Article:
Andrew Parrott. Composers’ Intentions? Lost Traditions of Musical Performance
The Boydell Press, 2015
Paperback. 421pp, ISBN 9781783270323
Andrew Parrott is one of the leading members of a particularly influential generation of musician/scholars who founded performing groups in the 1970s: in his case, the Taverner Consort, Choir and Players, founded in 1973 . They changed the way that we think about, perform, and listen to, ‘early’ music. Unlike many conductors who cut their teeth in the world of period performance, Andrew Parrott has retained his strong research interests, notably around the music of Bach and Monteverdi. Perhaps best known for his book, The Essential Bach Choir (published in 2000), an expansion of the theories of Joshua Rifkin that Bach’s choirs were essentially performing as one to a part, Parrott remains an essential component of the early music world. Hence the importance of his latest book: Composers’ Intentions? Lost Traditions of Musical Performance.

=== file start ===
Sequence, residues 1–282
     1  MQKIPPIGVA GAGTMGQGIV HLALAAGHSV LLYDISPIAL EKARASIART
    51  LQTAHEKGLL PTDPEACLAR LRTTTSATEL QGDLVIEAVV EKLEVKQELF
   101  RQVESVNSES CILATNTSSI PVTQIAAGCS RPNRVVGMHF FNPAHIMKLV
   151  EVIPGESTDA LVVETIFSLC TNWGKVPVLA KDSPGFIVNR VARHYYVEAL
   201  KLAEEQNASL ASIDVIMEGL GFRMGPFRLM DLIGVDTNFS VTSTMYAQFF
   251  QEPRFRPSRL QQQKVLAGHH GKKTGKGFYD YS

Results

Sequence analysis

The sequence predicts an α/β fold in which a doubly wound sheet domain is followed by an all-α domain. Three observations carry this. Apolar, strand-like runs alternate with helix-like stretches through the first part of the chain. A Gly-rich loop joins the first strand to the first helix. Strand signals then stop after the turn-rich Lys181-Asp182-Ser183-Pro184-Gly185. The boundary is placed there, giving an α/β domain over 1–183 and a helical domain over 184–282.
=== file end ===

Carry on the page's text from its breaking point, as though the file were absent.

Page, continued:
This important collection of previously published essays, combined with Andrew’s further reflections on aspects of period performance, Continue reading